The birthplace of the philosopher Aristotle, founded in 655 B.C.
Ally, initially of the Athenians and later of the Spartans, the city was occupied by Philippos in 349 B.C., after the destruction of Olynthos.
Philippos, however, rebuilt the city in order to honor the great philosopher, tutor of Alexander the Great. When Aristotle died, his fellow-citizens transported his bones to Stagira and set up a monument.
The excavations in the region began in 1990. The most impressive piece that was brought to light is the wall, at the top of the hill that was built in the classic years. The different ways of construction can be distinguished. The wall determines the western limits of the ancient city, surrounded by the sea.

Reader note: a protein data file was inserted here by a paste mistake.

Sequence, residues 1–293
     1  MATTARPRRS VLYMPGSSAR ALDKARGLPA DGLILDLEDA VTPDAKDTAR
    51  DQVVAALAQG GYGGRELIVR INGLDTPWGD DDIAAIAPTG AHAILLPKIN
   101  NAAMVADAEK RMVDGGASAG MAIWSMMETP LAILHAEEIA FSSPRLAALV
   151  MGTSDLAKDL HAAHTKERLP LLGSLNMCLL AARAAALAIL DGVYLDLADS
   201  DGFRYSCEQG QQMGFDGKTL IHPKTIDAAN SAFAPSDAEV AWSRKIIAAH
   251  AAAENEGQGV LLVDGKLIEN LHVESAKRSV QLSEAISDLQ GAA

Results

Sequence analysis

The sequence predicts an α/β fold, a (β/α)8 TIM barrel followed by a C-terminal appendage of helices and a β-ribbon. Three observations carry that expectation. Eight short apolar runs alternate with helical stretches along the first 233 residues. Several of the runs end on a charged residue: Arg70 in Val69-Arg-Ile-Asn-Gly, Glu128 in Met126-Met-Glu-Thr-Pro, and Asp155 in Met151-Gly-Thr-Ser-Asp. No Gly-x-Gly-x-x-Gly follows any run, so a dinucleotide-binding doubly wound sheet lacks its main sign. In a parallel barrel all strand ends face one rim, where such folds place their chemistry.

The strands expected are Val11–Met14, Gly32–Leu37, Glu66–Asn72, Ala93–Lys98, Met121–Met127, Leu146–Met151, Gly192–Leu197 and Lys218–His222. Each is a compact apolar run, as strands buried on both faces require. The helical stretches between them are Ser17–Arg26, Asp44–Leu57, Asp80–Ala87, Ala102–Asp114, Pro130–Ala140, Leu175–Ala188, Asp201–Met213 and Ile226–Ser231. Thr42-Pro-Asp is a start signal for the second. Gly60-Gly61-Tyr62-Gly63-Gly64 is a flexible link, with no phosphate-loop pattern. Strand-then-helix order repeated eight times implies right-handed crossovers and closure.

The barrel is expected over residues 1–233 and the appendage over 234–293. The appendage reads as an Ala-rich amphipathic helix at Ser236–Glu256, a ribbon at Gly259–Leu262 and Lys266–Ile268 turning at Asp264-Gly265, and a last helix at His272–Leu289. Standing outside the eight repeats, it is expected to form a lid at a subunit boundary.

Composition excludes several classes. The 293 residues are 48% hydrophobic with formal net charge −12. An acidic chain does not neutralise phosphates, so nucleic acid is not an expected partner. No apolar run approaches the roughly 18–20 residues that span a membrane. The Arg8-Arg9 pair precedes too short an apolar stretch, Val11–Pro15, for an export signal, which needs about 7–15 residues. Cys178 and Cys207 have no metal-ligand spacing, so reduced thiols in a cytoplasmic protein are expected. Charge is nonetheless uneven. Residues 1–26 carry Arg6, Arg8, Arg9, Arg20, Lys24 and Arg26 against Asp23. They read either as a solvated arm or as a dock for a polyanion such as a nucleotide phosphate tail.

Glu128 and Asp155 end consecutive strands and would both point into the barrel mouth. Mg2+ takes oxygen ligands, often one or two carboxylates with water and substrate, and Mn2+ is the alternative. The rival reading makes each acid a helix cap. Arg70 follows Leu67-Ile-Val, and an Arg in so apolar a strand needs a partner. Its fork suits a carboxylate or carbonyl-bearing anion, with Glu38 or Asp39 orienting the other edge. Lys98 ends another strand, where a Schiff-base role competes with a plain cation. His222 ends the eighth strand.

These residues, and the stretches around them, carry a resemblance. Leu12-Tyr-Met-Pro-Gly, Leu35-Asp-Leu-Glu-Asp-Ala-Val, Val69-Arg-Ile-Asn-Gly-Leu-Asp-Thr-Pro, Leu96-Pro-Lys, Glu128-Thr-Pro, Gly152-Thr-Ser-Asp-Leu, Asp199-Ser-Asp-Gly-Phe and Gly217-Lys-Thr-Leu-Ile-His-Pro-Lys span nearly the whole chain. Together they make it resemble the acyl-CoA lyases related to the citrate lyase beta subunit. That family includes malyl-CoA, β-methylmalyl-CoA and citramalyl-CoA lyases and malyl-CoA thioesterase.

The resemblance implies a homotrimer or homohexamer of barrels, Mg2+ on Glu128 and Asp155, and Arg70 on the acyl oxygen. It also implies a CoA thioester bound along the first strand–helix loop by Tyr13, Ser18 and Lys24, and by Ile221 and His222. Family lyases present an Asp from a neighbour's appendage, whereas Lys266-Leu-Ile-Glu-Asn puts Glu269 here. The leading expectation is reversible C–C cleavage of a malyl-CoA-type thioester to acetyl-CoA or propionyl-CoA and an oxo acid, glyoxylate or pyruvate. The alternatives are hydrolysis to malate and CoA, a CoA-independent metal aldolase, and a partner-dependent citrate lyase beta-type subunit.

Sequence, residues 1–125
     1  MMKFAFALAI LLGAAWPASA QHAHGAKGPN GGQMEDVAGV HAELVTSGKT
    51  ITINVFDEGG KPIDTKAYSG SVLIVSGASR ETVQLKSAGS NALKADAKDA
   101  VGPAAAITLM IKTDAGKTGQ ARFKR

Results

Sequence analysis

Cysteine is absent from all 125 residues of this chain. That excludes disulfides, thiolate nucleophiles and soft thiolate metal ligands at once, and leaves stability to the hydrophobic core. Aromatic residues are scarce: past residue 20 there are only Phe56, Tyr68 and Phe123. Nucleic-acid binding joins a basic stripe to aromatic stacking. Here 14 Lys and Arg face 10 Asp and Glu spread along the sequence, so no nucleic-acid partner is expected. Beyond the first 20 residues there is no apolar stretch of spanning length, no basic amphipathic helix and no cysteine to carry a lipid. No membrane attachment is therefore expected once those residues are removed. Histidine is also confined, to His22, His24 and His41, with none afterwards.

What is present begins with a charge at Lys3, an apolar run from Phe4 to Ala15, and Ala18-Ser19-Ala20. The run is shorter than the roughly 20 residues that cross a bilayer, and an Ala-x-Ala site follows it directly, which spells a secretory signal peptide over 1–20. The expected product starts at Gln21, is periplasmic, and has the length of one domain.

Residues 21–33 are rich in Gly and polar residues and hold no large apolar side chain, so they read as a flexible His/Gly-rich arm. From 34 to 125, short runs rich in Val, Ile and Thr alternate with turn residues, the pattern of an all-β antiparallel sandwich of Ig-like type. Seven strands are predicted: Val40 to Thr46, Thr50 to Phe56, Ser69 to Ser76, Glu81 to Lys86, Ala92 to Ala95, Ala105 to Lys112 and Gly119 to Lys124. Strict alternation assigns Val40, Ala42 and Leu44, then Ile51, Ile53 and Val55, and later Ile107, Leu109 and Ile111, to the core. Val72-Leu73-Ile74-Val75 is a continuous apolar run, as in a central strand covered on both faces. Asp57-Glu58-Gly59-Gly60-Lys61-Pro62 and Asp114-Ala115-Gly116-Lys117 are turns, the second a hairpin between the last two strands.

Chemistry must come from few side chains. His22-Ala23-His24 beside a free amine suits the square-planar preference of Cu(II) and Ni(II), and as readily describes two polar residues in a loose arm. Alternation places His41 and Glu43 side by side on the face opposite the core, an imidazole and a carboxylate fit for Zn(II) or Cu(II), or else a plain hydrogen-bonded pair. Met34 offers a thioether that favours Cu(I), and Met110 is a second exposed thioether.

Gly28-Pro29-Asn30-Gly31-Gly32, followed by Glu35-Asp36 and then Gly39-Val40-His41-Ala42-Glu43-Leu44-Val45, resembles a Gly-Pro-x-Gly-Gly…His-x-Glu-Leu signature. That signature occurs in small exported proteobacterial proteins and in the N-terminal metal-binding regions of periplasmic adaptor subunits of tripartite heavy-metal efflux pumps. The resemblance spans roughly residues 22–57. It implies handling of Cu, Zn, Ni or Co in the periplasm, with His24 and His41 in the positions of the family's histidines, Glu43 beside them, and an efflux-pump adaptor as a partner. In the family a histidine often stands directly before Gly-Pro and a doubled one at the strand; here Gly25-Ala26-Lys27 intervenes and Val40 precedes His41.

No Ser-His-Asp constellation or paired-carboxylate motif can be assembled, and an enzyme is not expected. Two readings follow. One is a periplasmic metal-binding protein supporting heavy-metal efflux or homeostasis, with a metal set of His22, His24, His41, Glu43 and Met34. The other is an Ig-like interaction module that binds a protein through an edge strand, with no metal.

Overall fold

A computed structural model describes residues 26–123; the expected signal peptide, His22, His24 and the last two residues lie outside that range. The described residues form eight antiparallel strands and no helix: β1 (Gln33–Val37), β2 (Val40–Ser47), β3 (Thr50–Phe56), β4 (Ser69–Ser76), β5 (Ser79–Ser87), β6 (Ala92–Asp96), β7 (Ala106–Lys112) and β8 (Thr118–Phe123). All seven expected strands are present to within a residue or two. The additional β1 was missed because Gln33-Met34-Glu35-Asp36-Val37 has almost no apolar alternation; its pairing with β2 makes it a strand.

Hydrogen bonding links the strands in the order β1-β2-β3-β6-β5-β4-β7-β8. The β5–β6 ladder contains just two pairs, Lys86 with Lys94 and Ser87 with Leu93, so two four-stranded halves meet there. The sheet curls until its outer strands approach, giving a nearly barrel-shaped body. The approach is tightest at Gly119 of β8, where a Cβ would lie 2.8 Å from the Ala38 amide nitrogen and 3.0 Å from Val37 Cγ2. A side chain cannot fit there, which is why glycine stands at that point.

The powerful fortification supplemented round and square towers and ramparts that connected with heavy scales. At the top of the hill also appears the relic of the citadel. At the part behind, between the hills, is the well-maintained remainder from some beautiful, spacious public building, with a gallery and a monumental facade with pillars.